Finally, ever wonder why grandma always wore an apron? It’s because she wanted to take care of the clothes she had so she wouldn’t ruin them. Hard work still has to be done to run a household and things can get messy, so the apron provides not only the cute aesthetic so many of us would like to recreate in our own lives, but it’s also practical in allowing us to dress nicely without soiling our feminine clothes.
5. Use Your Freezer
Having a deep freezer allows you to buy food on sale and freeze it until you’re ready to use it. You can freeze fruits, veggies, bread, and meats that can last 6-12 months in the freezer if stored properly. You can also freeze leftovers you don't want to eat right away. There are lots of meals that freeze well. It means half the cooking time if you've got homecooked meals to defrost at a moment's notice.
Fishing, foraging, and hunting for food are great for savings too.
Saving money on food also means cooking from scratch just like grandma did, and using every part of the animal or veggies for some purpose. If it can’t be eaten, then compost it! Fishing, foraging, and hunting for food are great for savings too. My grandpa still goes blueberry picking every single fall and comes back with many liters of berries which my grandma then freezes and uses in her blueberry pies all year until next season.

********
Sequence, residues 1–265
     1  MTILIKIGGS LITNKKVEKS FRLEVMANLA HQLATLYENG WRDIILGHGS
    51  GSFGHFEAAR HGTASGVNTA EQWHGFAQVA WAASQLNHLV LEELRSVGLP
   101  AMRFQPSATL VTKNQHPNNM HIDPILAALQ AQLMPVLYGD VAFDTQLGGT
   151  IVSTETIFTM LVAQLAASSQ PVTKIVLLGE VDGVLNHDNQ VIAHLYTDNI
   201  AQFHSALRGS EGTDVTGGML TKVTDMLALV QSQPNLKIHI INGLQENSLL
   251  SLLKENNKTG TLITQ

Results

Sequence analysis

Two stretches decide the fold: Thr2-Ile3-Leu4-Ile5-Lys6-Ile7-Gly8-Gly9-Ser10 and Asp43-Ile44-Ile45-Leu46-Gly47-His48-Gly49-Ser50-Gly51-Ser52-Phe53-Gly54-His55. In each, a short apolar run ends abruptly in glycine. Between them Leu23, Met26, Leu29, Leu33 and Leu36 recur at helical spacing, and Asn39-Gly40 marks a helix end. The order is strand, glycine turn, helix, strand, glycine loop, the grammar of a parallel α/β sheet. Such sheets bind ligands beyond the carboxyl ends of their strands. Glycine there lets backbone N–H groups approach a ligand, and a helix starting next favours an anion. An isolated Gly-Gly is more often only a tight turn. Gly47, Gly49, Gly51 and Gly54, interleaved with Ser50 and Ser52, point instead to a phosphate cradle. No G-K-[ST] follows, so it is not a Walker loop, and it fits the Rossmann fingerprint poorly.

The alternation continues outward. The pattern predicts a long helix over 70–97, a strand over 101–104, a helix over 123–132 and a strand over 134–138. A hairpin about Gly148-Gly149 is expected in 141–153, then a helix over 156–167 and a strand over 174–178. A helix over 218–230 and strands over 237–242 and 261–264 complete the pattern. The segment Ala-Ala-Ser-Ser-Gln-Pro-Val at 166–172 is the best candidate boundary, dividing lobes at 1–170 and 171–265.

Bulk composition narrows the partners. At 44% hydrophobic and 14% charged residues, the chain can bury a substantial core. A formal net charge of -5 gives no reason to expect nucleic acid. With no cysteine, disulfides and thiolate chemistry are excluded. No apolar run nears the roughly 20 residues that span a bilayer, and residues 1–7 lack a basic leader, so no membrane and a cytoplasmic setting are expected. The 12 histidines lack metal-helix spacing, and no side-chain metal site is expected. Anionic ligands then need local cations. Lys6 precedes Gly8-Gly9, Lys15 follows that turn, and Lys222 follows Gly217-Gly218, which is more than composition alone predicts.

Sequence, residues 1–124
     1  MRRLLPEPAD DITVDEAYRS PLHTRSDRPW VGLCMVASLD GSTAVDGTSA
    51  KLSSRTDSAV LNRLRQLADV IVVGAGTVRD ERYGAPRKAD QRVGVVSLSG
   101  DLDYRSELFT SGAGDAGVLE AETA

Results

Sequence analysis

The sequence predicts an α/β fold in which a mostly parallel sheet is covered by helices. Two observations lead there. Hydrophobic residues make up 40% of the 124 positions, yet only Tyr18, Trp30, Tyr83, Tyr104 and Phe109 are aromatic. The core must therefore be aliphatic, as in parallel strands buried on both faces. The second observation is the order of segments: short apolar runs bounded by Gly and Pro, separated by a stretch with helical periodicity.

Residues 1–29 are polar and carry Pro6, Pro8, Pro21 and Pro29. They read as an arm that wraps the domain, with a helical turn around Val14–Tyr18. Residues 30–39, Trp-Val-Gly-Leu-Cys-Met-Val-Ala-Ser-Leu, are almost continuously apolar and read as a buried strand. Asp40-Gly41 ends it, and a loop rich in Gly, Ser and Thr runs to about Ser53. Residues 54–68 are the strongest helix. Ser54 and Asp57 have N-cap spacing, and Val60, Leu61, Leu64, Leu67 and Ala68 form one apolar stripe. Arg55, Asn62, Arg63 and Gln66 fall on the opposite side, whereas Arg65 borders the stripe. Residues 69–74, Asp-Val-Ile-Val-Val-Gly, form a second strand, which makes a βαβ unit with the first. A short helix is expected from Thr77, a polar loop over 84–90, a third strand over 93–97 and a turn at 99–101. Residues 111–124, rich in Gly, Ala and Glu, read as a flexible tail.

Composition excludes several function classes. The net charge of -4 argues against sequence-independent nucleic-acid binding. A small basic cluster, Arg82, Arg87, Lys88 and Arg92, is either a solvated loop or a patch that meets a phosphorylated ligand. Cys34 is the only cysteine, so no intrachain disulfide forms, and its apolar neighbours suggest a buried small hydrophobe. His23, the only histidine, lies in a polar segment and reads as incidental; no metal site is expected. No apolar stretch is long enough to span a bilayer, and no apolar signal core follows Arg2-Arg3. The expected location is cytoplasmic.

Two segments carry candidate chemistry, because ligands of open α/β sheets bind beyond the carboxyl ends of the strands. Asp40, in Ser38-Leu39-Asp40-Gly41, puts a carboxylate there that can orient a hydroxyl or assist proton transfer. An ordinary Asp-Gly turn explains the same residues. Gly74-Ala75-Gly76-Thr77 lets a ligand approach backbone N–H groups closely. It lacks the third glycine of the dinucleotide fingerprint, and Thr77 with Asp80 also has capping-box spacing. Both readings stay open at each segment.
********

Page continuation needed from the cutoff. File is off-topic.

We’ve been a little spoiled by the prosperity and conveniences of the last few decades, to the point where we don’t have a strong conception of what living in scarcity really feels like (compared to our great-grandparents and maybe even grandparents who experienced the Great Depression and its aftermath).
But by looking back at the wisdom and resourcefulness of our elders we can emulate their money-saving secrets to our own benefit, and hopefully ensure our families and homes get the very most out of our income.